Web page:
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Faced with the urgent need for new antiviral strategies, investigators recently uncovered a surprising pathway that host cells use to protect against diverse viruses, including those that cause Ebola and coronavirus disease 2019 (COVID-19). The findings, published in Science, point to a potential novel treatment target.
The work relied on an innovative screening approach—activating mobile genetic sequences within chromosomes called transposons—to look for genes that can prevent Ebola virus infection. DNA transposons’ attractiveness for biomedical research lies in their adept ability to hop from place to place within the genome. These genetic segments are powerful forces of change, sometimes disrupting and other times augmenting gene expression.
“This platform is novel and different for several reasons: It both activates and inactivates genes in a truly genome-wide way, it is fast and inexpensive, and it can be easily applied to different cell types and organisms,” the study’s senior author, Adam Lacy-Hulbert, PhD, of the Benaroya Research Institute at Virginia Mason and the University of Washington in Seattle, said in an interview. Lacy-Hulbert noted that many conventional screens knock out host genes to identify those that a virus needs to replicate. “We were most interested in turning on genes and finding ones that protected the cell,” he explained.
The strategy uncovered the major histocompatibility complex (MHC) class II transactivator (CIITA) gene as a promising candidate. In human cell lines, the gene induced Ebola virus resistance by activating a second gene’s expression. Indeed, knockout experiments showed that CIITA-mediated resistance required the other gene, CD74.
Both genes play a role in the body’s immune response, where they’re associated with antigen presentation. The new study suggests that their antiviral activity may have preceded their known role in presenting antigens to the immune system.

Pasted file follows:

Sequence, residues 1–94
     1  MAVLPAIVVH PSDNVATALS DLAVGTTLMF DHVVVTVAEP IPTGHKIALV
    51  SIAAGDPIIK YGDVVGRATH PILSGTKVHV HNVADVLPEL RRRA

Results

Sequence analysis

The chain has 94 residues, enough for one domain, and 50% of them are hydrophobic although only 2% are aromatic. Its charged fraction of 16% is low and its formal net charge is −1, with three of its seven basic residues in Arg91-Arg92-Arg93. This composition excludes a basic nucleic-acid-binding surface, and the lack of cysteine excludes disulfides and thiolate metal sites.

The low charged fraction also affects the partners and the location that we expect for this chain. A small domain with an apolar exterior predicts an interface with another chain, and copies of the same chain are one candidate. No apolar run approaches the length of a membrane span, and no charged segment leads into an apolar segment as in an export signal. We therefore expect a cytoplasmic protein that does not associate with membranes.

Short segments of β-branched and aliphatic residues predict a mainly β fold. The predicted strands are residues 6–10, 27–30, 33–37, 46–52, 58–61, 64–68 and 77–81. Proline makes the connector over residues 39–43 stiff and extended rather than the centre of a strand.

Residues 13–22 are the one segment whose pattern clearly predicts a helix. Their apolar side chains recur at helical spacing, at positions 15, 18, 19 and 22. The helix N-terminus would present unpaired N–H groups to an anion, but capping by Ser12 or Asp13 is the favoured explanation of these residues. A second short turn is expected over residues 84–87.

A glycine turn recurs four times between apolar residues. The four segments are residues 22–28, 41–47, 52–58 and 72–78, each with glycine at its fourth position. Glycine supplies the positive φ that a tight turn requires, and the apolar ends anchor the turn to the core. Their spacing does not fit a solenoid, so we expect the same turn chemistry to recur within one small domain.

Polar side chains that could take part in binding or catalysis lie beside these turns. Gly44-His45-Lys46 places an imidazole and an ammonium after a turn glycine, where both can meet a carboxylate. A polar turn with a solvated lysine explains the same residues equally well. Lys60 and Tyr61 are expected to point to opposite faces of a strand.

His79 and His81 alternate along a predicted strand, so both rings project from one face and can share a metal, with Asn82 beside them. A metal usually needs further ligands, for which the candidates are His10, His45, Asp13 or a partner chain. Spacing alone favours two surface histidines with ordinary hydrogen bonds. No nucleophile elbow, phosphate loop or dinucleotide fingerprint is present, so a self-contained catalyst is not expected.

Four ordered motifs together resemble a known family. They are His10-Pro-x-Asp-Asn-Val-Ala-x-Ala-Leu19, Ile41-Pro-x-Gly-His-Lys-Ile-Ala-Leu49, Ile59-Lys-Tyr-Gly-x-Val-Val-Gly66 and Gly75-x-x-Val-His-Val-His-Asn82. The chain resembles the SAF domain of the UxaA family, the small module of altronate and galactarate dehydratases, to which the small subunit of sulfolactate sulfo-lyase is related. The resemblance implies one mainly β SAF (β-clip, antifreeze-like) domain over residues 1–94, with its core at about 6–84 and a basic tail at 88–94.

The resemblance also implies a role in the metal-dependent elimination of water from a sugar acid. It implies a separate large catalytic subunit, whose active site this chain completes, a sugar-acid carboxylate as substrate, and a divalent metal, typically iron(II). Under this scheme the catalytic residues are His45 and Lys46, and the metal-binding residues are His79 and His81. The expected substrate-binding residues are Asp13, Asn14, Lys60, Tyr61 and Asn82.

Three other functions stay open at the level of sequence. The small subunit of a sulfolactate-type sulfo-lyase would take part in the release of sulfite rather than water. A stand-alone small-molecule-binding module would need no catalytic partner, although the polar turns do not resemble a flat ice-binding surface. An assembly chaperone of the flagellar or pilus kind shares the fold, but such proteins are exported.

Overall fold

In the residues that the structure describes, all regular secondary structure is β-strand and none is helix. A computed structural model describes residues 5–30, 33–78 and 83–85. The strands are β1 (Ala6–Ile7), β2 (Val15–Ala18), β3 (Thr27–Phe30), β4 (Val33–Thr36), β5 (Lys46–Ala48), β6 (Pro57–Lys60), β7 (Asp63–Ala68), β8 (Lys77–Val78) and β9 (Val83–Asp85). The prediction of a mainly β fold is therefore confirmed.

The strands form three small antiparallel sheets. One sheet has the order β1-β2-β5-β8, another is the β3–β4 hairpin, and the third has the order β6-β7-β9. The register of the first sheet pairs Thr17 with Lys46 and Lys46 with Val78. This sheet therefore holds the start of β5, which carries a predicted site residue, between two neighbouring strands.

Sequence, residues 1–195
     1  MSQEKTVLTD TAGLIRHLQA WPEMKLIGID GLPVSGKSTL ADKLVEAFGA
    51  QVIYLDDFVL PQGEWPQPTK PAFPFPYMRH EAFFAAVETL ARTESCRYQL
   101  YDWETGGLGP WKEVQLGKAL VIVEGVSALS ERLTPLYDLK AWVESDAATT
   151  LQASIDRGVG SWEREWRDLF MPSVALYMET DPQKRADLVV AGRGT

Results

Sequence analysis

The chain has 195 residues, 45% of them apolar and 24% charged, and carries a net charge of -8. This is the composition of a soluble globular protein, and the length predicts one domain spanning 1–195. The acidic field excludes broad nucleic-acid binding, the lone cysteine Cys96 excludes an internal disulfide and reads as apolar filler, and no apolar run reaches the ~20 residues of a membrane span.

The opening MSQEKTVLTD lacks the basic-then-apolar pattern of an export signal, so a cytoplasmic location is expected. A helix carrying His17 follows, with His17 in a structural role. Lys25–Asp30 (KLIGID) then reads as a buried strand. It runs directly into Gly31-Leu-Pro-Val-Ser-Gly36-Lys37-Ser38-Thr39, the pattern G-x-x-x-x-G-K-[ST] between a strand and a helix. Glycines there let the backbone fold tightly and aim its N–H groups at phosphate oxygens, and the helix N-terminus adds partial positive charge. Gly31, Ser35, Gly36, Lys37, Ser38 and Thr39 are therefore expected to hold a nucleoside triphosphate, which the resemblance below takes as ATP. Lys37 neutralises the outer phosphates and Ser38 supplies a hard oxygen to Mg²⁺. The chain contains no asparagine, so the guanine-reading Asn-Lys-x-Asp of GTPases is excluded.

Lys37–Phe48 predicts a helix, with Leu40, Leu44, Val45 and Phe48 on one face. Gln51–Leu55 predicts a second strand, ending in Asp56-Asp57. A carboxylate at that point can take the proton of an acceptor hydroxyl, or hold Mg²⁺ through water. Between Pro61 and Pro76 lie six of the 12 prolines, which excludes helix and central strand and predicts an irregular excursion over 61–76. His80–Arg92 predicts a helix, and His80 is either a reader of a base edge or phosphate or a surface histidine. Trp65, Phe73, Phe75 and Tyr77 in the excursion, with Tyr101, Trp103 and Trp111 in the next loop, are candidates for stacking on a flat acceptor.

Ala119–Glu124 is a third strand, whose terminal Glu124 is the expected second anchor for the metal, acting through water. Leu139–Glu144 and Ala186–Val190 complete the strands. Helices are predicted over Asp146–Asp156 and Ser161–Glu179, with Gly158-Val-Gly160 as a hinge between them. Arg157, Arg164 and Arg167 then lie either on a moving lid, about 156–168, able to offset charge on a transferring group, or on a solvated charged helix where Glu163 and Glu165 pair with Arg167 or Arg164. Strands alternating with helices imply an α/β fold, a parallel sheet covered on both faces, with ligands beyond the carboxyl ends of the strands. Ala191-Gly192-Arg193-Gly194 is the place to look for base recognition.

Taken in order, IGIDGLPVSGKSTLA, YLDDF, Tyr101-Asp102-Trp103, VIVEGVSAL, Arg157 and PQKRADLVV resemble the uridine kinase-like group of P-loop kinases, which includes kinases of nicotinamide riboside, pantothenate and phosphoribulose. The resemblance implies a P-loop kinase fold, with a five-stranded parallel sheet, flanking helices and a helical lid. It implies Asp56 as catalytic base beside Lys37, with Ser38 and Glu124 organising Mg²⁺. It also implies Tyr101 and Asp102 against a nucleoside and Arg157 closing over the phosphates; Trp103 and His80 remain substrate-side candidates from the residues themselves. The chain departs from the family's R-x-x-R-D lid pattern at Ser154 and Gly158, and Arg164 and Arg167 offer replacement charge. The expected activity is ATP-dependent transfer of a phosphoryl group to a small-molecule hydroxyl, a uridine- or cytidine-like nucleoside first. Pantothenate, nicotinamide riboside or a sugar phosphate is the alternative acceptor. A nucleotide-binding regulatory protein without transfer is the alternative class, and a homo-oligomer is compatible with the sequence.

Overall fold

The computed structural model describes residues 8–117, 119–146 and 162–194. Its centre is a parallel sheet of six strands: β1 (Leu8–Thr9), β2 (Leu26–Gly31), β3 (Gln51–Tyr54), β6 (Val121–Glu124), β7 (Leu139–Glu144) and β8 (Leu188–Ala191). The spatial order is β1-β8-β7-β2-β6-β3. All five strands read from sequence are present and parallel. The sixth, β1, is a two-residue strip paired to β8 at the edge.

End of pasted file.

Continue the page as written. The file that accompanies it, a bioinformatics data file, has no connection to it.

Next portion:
“I think a major impact is the revelation that a gene (CD74) that was thought only to function in adaptive immunity (helping process MHCII) has a direct function in innate immunity (inhibiting viral entry by blocking fusion),” Duane Wesemann, MD, PhD, an associate professor and immunology faculty member at Harvard Medical School and a researcher at Brigham and Women’s Hospital, noted by email. “This is a nice example of how genes were co-opted for other functions throughout evolution,” added Wesemann, who was not involved with the study.
Human cells express 4 main types, or isoforms, of the CD74 protein, and only 1 of these isoforms, named p41, was critical for viral resistance in the scientists’ experiments. Its expression fully restored Ebola virus resistance in CIITA-expressing CD74-knockout cells. Even in the absence of the CIITA gene, p41 expression induced antiviral activity.
The p41 isoform blocks cellular enzymes, or proteases, called cathepsins that Ebola viruses hijack for cell entry. Specifically, it inhibits cathepsin proteases from altering certain proteins on the Ebola virus coat. By doing so, it prevents the virus from fusing with and infecting the host cell. In fact, disrupting the isoform’s cathepsin binding site completely inhibited its antiviral activity in the study.
“The pathway we found interferes with an early stage of viral entry that is common to many viruses: the processing of the viral coat protein by host cell proteases,” Lacy-Hulbert said.
In recent months, he and his colleagues have been working to help understand, treat, and prevent COVID-19. Knowing that diverse viruses rely on cathepsins and other proteases, they next tested p41’s potential against severe acute respiratory syndrome coronavirus 2 (SARS-CoV-2). Expressing p41 in cells blocked the virus’s cathepsin-dependent entry pathway and completely abolished signs of cell destruction during viral exposure.
The strategy worked for inhibiting a range of Ebolavirus species, including Sudan, Zaire, and Reston, the distantly related Marburg virus, as well as a bat virus related to SARS-CoV-2 and viruses engineered to express SARS-CoV spike (S) proteins. Human coronaviruses have S proteins in common. They are indispensable for receptor recognition, viral attachment, and host cell entry and represent promising targets for COVID-19 vaccine and therapeutic research.
Anna Bruchez, PhD, the study’s lead author and a pathology instructor at Case Western Reserve University, stressed the findings’ broader implications against known and emerging pathogens. “Many viruses use cathepsin proteases to help them infect cells, and cells can upregulate CIITA and CD74 during an immune response, so it will be interesting to see if expression levels of these genes are associated with differential clinical outcomes following infection,” she said in an interview.
Moving forward, the findings may inspire new treatments that inhibit multiple virus types, including unknown future pathogens. “Ideally, we need to find a drug that can mimic the ability of CD74 to block viral processing,” Lacy-Hulbert said.
Hampton T. Newly Discovered Cellular Pathway Blocks Ebola, COVID-19 Viruses. JAMA. 2020;324(17):1712. doi:10.1001/jama.2020.19649
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